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French Socialists Show Split as Hollande Pushes Euro Treaty

President Francois Hollande said this month that his government is planning 30 billion euros in tax increases and spending cuts to meet targets. Photographer: Angel Navarrete/Bloomberg
President Francois Hollande said this month that his government is planning 30 billion euros in tax increases and spending cuts to meet targets. Photographer: Angel Navarrete/Bloomberg

Sept. 19 (Bloomberg) -- French President Francois Hollande is seeking lawmakers’ support for Europe’s fiscal treaty as differences emerge over economic policy within his Socialist Party and put the region’s crisis resolution at risk.

The budget pact, which Hollande agreed to in June as part of a European package of measures intended to put an end to the three-year euro-area debt crisis, will be put before parliament on Oct. 2, Prime Minister Jean-Marc Ayrault said today in Paris. It is opposed by Socialist lawmakers including Marie-Noelle Lienemann and Jerome Guedj, who say it will impose austerity that they campaigned against in the May presidential elections.

“Our budget discipline is not imposed by the treaty,” Ayrault said today after the French cabinet approved the treaty. “It’s a question of credibility. My goal is to convince as many members of parliament as possible to do their duty to give France a strong voice so that it’s listened to. You can’t call for more European solidarity and not ratify the treaty.”

Support for the treaty from legislators belonging to former President Nicolas Sarkozy’s party may help enshrine it into French law. Still, the split within Hollande’s party reflects the growing political challenge he faces in reviving Europe’s second-largest economy and retaining the confidence of both investors and his European partners.

“The fiscal treaty ratification process is going to reveal fault lines in France,” said Antonio Barroso, an analyst at Eurasia Group in London. “It’s going to create lot of noise and generate issues that have been avoided in France for 25 years.”

German Demands

France, which hasn’t balanced its budget since 1974, has promised to cut its deficit to 4.5 percent of gross domestic product this year and 3 percent next year from 5.2 percent last year, before eliminating the shortfall in 2017. Hollande said this month that his government is planning 30 billion euros ($39 billion) in tax increases and spending cuts to meet targets.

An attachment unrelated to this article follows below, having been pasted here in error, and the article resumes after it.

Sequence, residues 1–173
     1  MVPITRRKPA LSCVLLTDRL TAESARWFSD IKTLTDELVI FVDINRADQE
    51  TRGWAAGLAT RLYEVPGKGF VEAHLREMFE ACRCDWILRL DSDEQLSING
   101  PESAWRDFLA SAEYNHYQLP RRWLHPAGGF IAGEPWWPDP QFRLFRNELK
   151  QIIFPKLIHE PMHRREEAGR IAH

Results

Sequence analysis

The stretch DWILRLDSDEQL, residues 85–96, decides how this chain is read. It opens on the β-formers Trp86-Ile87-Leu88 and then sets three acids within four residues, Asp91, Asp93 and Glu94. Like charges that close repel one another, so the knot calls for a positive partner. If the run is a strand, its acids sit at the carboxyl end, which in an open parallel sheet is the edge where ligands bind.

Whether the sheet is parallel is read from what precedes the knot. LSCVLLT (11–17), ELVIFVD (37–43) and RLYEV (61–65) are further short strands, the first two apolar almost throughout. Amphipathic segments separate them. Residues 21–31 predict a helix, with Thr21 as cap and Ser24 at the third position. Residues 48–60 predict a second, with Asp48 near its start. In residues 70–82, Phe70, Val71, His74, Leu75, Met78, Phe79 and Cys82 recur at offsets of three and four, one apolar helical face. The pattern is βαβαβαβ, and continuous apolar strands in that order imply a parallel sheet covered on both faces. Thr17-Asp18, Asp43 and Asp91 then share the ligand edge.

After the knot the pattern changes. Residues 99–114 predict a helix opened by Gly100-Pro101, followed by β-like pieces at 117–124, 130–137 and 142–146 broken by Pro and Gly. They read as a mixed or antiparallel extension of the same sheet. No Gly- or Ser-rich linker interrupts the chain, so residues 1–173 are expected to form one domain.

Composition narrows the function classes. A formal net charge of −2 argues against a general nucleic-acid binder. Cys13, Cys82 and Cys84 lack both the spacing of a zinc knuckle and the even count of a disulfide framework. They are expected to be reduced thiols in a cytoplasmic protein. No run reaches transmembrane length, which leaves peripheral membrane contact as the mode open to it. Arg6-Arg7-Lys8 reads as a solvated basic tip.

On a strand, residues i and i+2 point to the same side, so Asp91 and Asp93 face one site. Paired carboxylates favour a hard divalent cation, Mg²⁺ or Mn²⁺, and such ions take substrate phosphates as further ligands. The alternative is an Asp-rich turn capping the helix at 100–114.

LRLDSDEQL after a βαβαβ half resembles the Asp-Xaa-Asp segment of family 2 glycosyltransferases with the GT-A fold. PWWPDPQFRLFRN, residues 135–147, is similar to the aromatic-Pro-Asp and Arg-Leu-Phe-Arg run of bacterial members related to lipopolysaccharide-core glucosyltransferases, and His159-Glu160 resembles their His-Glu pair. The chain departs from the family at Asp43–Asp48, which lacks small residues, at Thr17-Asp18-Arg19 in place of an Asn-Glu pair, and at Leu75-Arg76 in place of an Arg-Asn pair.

The fiscal pact, demanded by Germany in return for more support for euro-area governments struggling to get financing, requires the bloc’s 17 countries to limit their deficits to 0.5 percent of GDP or less when the economy is growing. The pact takes effect once 12 euro-area countries have ratified it.

Ayrault said in a radio interview today that the pact has allowed the European Central Bank to offer more help to end the region’s debt crisis.

“Thanks to this, the ECB is ready to intervene, which is a major change,” he said on RTL radio. By voting for this treaty, lawmakers will “strengthen the hand of the president” in European negotiations, he added.

Some French Socialists say the policy risks pushing the country into recession.

Waning Popularity

“It’s an austerity treaty,” Lienemann, a Socialist senator who intends to vote against the pact, said Sept. 5. “Everything in the current economic circumstances shows that blocking public spending is a strategy for long-term austerity and to put us into recession.”

Guedj, a Socialist member of the National Assembly agrees. “We’d be curbing growth if we vote for this,” Guedj said on Europe 1 radio. “We won’t be able to do an economic stimulus that is sometimes necessary to revive growth.”

Their anti-austerity sentiments have echoed across the region, with growing opposition to the German-led push in Greece, Spain and the Netherlands.

The challenge is an added problem for Hollande at a time when he’s readying tax increases, spending cuts and is trying to convince unions to accept increased worker flexibility.

The agenda, along with a stalled economy and unemployment at a 13-year high, has caused Hollande’s popularity to wane since winning office in May.

Only 46 percent of voters now have a positive opinion of Hollande, down 15 points since the end of June and the first time a majority holds such a view, according to a BVA poll of 1,044 adults published this week.

To contact the reporters on this story: Mark Deen in Paris at; Helene Fouquet in Paris at

To contact the editors responsible for this story: Vidya Root at; James Hertling at

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